Of course, the search that we are directed to make, in this instance, is meant to be for God.  The giver of spiritual life.  Squirrels on the other hand, have a dogged determination to never give up on their own particular goal: To find food, no matter how long it takes.

Sin in our lives can be equally determined. We encounter addictions; wants; temptations and more, ignoring the fact that these seek to destroy rather than to nourish.

Nevertheless, a common denominator is persistence.  Sin will find a weak mind or spirit and possess it.  Whereas the food sought by God’s critter nourishes.

We often cannot tell the difference until it is too late.

We need the mastery, and determination of God’s creatures.  They must achieve their goal.  They must win at all costs – or die.

We too must choose to win, because if we give up and give in to sin, we will die.  Oh, not necessarily physically, but definitely morally and spiritually.

We must remember that sin does not seek to nourish.  Its goal and purpose is to destroy.

What goals do you have today?  I do hope they are uplifting and nourishing, and not destructive.

Philippians 3:14 (NIV)   I press on toward the goal to win the prize for which God has called me heavenward in Christ Jesus.

Patricia

Simply Christmas

          I read the most beautiful poem this morning.
          It describes the simplicity of the first Christmas.
          No retail bombardments.
          No mountains of toys and trinkets.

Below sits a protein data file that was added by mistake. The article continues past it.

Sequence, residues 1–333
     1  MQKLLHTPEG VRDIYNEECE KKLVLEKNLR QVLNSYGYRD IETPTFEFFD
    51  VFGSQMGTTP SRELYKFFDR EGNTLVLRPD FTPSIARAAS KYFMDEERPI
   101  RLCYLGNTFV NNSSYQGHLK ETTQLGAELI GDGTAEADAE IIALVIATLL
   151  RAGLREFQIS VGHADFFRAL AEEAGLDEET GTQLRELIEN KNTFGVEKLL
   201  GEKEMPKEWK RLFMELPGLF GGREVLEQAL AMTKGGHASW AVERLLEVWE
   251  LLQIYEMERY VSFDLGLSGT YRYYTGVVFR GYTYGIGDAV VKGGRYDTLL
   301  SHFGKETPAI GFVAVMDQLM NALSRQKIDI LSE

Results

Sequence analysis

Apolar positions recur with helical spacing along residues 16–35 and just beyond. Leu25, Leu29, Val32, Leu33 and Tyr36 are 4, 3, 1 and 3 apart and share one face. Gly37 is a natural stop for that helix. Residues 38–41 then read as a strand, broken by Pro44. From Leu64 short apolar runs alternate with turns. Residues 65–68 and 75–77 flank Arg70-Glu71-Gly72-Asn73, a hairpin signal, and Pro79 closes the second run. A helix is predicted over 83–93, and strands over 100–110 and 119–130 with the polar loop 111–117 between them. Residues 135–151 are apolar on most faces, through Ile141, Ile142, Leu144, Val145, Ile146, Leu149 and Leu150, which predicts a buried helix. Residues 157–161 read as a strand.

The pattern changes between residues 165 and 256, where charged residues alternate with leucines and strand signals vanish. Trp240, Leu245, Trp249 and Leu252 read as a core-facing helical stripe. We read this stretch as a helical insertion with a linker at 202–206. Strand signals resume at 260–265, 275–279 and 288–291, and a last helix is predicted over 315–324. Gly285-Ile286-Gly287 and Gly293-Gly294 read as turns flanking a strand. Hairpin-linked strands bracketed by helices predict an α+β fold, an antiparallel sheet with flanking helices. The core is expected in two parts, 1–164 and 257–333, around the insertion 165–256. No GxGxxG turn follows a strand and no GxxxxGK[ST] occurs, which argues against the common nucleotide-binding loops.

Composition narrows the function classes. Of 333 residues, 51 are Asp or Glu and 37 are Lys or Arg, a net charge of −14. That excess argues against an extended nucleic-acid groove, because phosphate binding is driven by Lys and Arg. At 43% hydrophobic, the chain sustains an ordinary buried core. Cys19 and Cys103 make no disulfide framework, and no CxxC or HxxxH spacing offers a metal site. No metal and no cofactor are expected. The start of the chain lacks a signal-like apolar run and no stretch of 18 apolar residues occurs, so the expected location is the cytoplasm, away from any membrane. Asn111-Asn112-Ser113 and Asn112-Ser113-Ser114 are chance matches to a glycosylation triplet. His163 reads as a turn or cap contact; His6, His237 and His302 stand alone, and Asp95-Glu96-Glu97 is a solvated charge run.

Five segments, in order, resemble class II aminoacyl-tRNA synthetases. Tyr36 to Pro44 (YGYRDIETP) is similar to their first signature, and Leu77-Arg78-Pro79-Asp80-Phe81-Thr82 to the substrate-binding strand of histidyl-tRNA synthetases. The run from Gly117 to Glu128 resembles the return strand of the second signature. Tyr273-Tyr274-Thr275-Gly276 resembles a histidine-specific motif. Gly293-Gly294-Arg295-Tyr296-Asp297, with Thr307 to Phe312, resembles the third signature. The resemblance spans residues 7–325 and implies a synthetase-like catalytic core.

My thanks to Joel Jongkind for sharing.

 

        There were no trumpets and no feasts
        There were no richly laden beasts
        The night our Lord was born
        There were no warm rooms and no heat
        There were no blankets clean and neat
        The night our Lord was born
        There was a stable and some straw
        There was a manger, crude and raw
        The night our Lord was born
        There were some shepherds and some sheep
        Who heard the angels; could not sleep
        The night our Lord was born
        Make sure you’re present, sure you’re there
        And tell Him clearly that you care
        The night our Lord was born
           – Debora T. Jongkind-Dehart

Christmas DecorationsPatricia

Getting Ready

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Like most people, I am getting ready for Christmas.  To me it is a wonderful time of year. It no longer holds the magic of my childhood memories, but it does bring the promise of time with family. This is one reason it is so precious to me.  Our children and their families are increasingly busy through the year just doing what needs to be done, and we seem to spend less and less time with them.  So this makes Christmas particularly important now.

I am thankful that I have family and friends with whom I can celebrate this special time of year.  So many others have been split asunder by death, or war, or other tragedies.

It is the celebration of the birth of Jesus Christ, hence Christmas, and for we who choose to believe in the power and hope of Jesus (Christians) it makes the busyness of Christmas all worthwhile; relevant.

So enjoy each busy moment and anticipate the making of your own new (magic) memories with your family, or social gatherings.

Put up that Christmas tree and remember that Jesus is the reason for the season, and try to savour each moment.

Merry Christmas to you, one and all.

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Patricia